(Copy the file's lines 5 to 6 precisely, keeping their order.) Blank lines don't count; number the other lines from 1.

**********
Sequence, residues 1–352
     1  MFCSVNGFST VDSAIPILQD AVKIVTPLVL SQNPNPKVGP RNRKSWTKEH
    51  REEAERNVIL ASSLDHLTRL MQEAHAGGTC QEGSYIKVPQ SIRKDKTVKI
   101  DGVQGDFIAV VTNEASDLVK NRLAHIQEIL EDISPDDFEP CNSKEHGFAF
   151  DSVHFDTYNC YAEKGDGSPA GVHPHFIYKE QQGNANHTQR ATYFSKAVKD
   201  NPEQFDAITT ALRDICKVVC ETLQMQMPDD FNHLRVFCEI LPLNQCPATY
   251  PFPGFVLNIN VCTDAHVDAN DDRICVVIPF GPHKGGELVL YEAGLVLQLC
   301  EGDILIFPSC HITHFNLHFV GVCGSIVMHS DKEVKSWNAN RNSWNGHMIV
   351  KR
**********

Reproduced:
   151  DSVHFDTYNC YAEKGDGSPA GVHPHFIYKE QQGNANHTQR ATYFSKAVKD
   201  NPEQFDAITT ALRDICKVVC ETLQMQMPDD FNHLRVFCEI LPLNQCPATY